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    ETIA 2015 Keynote: Clouds, Pixels, and Video Streams

    June 17, 2015

    The afternoon's featured speaker was Dr. Neil Hunt, Chief Product Officer at Netflix. He walked the conference attendees through the challenges Netflix has faced in delivering ever-better content through limited bandwidth. Neil began by stating that he believes we need to free ourselves from the "tyranny of the grid" (the pre-planned TV schedule). Instead of a limited number of fixed choices, Netflix starts out in the opposite direction, with tens of thousands of options available at any time. So its challenge has been to filter that down to a reasonable-sized set that a user can choose among.

    Bigger, brighter, and better

    Netflix is solving that problem in a world that on the one hand has more bigger and brighter TVs, but also an exploding number of inexpensive, small screens, connected over limited bandwidth mobile networks. In terms of bigger, brighter, and better, Hunt believes that the Internet will start being the leader in standards, delivering them before broadcast, cable, and theaters. This will be especially true as they become field-upgradable. As an example, he pointed to Netflix's 1 million active 4K subscribers. On the way they found that HEVC was not nearly as efficient as they had hoped, so 4K video is taking about 16Mbps to transmit (it will be 20Mbps if it is also HDR) -- although they hope that will decrease with further optimizations. Another challenge has been whether to certify 30p devices for 4K, committing Netflix to long-term support of both 30p and 60p, or only work with 60p-capable devices. On the HDR front, Hunt said Netflix has been using it to capture content since 2014. On the viewing front, Netflix struggles with TVs that are set at the factory to be too hot and too bright. Only a fractional number of people actually bother to change that. Netflix is hoping at some point there will be a closed-loop calibration system that provides a predictable viewing condition. Adaptive Streaming is also a major piece of Netflix's customer experience, with stepping down to intermediate resolutions as needed a key part of its solution. On a related front, Netflix wants to see additional progress in high-frame rate capture and rendering, as well as broader field of view up to 100 degrees using multiple cameras.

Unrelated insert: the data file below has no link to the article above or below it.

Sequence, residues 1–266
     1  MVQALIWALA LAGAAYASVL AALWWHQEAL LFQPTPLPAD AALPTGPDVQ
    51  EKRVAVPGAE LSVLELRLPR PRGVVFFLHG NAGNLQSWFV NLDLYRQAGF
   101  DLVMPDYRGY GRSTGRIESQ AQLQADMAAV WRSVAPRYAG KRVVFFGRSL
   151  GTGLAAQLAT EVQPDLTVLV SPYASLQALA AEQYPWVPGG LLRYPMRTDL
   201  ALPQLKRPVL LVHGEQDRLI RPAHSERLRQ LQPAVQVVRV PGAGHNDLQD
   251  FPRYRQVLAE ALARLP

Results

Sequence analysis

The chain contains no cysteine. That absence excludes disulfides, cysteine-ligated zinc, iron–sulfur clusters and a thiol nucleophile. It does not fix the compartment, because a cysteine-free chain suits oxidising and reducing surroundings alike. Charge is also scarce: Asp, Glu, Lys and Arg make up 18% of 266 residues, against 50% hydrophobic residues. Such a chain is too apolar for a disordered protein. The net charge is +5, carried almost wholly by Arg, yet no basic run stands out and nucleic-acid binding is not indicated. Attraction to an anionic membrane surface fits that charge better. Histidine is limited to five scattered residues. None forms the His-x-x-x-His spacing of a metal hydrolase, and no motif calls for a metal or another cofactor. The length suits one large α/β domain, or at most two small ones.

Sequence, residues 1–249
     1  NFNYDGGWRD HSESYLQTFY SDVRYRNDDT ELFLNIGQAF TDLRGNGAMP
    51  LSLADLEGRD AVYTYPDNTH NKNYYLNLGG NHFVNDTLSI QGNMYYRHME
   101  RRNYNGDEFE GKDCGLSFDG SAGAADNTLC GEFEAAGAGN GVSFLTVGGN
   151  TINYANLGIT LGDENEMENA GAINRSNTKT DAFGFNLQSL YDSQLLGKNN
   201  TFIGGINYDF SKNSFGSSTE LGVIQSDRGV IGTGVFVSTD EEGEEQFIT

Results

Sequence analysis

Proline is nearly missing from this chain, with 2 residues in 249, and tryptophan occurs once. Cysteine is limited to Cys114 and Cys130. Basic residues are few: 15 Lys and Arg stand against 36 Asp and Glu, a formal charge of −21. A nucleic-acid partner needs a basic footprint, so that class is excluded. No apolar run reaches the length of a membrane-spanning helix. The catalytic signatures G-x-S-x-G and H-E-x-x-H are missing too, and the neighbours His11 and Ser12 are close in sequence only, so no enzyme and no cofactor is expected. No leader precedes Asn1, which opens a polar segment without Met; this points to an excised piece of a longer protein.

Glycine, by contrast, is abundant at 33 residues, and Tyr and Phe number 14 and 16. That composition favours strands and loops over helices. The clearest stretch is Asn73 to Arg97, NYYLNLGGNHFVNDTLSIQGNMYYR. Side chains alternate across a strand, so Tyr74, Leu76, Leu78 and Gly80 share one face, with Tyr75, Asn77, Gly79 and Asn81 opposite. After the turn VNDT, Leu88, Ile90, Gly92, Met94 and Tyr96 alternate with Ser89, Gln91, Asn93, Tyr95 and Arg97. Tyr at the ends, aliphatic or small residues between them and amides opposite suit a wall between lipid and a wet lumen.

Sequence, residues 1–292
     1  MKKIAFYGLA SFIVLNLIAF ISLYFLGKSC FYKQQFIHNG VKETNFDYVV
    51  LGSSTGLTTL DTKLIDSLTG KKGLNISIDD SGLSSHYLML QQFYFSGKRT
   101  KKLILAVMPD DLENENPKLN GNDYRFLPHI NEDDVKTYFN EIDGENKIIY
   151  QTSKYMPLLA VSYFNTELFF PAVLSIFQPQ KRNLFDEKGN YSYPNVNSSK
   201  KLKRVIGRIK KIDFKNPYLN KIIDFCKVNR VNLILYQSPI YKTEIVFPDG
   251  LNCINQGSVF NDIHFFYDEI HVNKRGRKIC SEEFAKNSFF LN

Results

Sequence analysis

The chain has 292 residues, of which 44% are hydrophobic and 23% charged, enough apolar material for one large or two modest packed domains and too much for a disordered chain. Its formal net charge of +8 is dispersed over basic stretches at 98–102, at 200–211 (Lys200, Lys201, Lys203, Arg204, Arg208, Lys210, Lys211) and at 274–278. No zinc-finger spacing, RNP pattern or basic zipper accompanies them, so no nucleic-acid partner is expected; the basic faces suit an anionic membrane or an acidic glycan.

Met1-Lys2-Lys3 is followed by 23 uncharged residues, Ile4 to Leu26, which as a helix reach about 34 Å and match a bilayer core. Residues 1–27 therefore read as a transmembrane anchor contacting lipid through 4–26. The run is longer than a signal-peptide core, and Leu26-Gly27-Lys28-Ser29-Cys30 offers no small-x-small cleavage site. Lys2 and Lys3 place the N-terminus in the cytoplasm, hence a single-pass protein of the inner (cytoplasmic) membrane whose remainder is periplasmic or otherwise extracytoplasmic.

Smaller, faster, and cheaper

    At the other end of the spectrum, there are now several times more phones and tablets than TVs -- sometimes connected over one of the several billion mobile broadband accounts. Unlike big screen viewing, most small screen viewing is solo, and usually WiFi because of bandwidth and allocation issues on mobile broadband. Netflix is hoping to get to a 480p quality image at less than 250Kbps, which it does not see HEVC helping with. The solution also needs to be respectful of battery usage. Hunt hope that VP9 can be part of the solution. Viewing conditions can also vary rapidly for mobile, especially if in a moving vehicle. The smaller FOV of a small screen might also mean additional work at the capture stage, according to Hunt. 

    Cloud Encoding

    As Netflix expands to new markets, encoding becomes a massive processing task that needs to be done quickly. It uses the cloud to do the heavy lifting. In fact Netflix's media workflow is entirely virtual -- living in the cloud. Hunt was asked about VR, and opined that Oculus-like devices will remain a niche for passive viewing, with immersive big-screen technologies dominating. Conversely, for interactive entertainment, he sees VR as being much more compelling.

    Tag(s): HDR , HVEC , Cloud , 4K , ETIA

    David Cardinal

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